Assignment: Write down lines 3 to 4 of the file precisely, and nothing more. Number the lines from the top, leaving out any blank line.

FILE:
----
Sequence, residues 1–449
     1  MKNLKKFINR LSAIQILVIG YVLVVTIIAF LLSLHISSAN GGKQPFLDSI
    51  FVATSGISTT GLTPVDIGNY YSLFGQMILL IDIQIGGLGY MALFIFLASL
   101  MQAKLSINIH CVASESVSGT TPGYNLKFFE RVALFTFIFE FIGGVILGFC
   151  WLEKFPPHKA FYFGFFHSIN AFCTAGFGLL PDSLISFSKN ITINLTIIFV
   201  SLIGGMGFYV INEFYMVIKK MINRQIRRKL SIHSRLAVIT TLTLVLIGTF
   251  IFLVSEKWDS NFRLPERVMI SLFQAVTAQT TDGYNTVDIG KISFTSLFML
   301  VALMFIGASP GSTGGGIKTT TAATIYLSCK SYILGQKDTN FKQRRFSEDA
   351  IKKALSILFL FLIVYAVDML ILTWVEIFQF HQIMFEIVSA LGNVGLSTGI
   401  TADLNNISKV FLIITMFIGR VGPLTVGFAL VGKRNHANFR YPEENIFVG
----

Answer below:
    51  FVATSGISTT GLTPVDIGNY YSLFGQMILL IDIQIGGLGY MALFIFLASL
   101  MQAKLSINIH CVASESVSGT TPGYNLKFFE RVALFTFIFE FIGGVILGFC